Rebuttal Argument-oaktree1234

Children with educated parents would naturally be more successful in school and the workplace, right? This is simply not true. Although education may be emphasized by these parents, the child has to be motivated on their own inorder to see results. As we’ve observed, children in less supportive environments, where education is not a priority, tend to be more self-motivated. This “grit” is not displayed by the children of college alumni. Likewise, many parents who have attended college believe sending their child to private school will set them up for success. This actually has the opposite effect. Receiving a private education can hinder the child’s ability to adapt to the real world.

It’s very hard to succeed in school or work without grit. There is much disagreement regarding which students have grit and which ones do not. Some believe that second generation college students are more driven than disadvantaged students, whose parents never had the option of attending college. This belief stems from the idea that students who grow up in a household with educated caregivers will be influenced to go on and pursue a career. In some cases, this holds true but is surely not a rule of thumb. A study done on students at Curtin University attempted to demonstrate that students who were not the first in their family to go to college displayed more grit. “In qualitative responses, students were most commonly motivated by a desire for personal development, career aspirations, and family. Grit was found to positively correlate to parents’ educational attainment, and to students who were not first in the family to attend university”, Cathay Cupitt with Semantic Scholar explains. It’s important to acknowledge that the student stating they are motivated is very different than actually demonstrating this motivation in the real world. Surely these students were motivated to attend college, but not for the same reason as the disadvantaged students. In many financially stable areas, attending college is a social must. These second generation students are often attending college solely because that’s what’s expected of them. Considering this, it makes sense that these students’ grit was seen to correlate to their parents’ educational achievements.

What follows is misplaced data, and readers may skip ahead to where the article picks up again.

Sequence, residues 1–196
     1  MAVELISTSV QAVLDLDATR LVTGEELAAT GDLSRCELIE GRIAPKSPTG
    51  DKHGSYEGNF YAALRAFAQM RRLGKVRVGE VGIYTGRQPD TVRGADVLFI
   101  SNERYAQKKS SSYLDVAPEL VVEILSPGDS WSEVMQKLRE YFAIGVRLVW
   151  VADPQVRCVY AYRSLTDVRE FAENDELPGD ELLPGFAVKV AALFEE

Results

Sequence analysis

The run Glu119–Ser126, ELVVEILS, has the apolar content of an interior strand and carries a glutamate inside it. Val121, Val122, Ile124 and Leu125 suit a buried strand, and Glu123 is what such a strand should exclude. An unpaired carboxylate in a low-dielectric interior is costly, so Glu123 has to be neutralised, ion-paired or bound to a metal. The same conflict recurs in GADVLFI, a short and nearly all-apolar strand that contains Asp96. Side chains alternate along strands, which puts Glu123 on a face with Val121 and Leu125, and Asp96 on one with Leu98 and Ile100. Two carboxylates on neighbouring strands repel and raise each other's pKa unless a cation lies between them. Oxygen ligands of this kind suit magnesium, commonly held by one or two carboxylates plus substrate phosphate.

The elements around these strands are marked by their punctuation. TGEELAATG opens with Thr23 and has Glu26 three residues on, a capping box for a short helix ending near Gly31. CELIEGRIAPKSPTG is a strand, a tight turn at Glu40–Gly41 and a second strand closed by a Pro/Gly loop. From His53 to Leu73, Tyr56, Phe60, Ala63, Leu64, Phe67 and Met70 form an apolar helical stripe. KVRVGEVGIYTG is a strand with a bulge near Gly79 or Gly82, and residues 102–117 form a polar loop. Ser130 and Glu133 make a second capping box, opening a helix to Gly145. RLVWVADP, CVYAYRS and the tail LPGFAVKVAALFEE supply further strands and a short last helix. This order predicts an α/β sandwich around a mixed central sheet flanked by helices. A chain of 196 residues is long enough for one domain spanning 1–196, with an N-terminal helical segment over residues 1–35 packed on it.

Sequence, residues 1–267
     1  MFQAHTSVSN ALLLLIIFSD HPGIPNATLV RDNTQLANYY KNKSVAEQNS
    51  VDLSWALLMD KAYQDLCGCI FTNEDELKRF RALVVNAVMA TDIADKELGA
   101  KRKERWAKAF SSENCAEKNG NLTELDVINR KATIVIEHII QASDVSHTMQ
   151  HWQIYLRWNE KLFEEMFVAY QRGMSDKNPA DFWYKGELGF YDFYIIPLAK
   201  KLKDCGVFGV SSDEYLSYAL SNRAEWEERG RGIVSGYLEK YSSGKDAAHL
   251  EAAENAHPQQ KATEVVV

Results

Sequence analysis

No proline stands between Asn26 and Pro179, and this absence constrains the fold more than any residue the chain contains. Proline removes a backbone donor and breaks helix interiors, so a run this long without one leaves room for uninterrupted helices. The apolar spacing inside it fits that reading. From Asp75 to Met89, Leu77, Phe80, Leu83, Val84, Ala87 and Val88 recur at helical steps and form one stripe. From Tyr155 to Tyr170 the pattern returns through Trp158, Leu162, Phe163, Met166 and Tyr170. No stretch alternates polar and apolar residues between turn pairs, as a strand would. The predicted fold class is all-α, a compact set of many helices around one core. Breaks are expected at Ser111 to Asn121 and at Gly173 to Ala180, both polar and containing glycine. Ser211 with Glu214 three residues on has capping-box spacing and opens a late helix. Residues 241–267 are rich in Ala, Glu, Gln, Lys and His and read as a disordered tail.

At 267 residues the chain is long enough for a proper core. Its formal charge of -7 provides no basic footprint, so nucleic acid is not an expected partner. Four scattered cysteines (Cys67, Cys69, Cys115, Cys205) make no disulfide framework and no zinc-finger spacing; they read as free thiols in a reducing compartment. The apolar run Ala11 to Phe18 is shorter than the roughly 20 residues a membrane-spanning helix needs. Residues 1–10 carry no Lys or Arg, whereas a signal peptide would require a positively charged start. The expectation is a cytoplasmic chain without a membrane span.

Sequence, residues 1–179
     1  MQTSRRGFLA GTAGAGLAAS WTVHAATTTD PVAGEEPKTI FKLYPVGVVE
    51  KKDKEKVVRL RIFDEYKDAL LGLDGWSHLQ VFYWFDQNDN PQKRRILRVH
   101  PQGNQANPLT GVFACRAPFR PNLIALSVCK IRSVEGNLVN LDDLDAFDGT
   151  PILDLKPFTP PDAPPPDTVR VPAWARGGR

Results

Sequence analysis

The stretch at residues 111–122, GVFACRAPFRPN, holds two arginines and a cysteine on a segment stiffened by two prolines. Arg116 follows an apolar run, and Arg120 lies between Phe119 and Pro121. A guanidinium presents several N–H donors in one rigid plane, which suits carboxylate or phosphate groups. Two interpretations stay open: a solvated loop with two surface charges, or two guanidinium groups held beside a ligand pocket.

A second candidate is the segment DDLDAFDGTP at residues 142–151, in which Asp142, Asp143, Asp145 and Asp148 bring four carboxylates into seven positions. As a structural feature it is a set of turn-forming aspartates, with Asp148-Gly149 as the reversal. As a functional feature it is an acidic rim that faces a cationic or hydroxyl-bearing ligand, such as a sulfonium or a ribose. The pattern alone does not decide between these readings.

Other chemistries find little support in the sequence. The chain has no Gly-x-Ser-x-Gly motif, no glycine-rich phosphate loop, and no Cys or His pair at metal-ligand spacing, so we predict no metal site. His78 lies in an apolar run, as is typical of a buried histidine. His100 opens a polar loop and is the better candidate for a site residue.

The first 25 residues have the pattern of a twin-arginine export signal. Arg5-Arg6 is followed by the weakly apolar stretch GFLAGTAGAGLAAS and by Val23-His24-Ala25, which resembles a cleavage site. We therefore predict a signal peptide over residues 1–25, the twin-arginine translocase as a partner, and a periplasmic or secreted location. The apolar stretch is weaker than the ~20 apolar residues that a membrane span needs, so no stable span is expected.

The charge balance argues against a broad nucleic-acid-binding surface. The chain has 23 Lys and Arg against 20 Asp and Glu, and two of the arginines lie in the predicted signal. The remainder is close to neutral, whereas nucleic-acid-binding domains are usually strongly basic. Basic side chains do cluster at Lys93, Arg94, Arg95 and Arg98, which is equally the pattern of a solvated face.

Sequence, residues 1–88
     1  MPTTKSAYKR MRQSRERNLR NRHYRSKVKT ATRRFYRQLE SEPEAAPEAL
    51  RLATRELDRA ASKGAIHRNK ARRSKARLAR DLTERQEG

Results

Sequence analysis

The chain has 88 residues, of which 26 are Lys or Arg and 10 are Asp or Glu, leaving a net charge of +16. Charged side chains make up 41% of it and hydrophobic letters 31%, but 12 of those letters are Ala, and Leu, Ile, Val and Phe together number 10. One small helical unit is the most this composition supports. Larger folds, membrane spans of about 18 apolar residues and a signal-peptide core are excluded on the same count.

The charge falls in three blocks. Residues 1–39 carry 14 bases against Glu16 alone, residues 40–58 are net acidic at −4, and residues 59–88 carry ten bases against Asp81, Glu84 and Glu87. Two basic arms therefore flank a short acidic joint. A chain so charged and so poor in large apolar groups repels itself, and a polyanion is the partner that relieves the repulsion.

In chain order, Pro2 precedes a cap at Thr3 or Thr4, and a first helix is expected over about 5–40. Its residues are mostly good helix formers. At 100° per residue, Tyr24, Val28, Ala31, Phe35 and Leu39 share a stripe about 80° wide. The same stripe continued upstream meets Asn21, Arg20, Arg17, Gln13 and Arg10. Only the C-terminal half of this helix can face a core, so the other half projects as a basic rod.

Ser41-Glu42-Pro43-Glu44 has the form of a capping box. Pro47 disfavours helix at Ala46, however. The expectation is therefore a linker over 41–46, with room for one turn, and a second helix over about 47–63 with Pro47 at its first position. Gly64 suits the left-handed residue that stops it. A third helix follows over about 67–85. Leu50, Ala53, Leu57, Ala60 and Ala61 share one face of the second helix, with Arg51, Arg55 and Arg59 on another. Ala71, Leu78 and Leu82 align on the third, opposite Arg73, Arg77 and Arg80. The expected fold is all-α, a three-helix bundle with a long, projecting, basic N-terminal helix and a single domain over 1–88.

On the other hand, the first generation college students from less stable backgrounds are going to college with hope of turning around their situation. They’ve already witnessed what poverty and lack of support can do to a family. These students will not let the challenges they face hinder their educational career because they’ve already overcome so many. Meanwhile, the second generation students do not have the same motives. Special awards and scholarships are given to “legacies” or students who attend a college or university after their family member. This makes it more likely that these second generation students will continue their education, not because they have grit, but because they’re predispositioned to. Essentially, being a second generation college student isn’t a true indication of grit, until proven otherwise. The only thing this status demonstrates is that the individual most likely had a less challenging, more supported upbringing.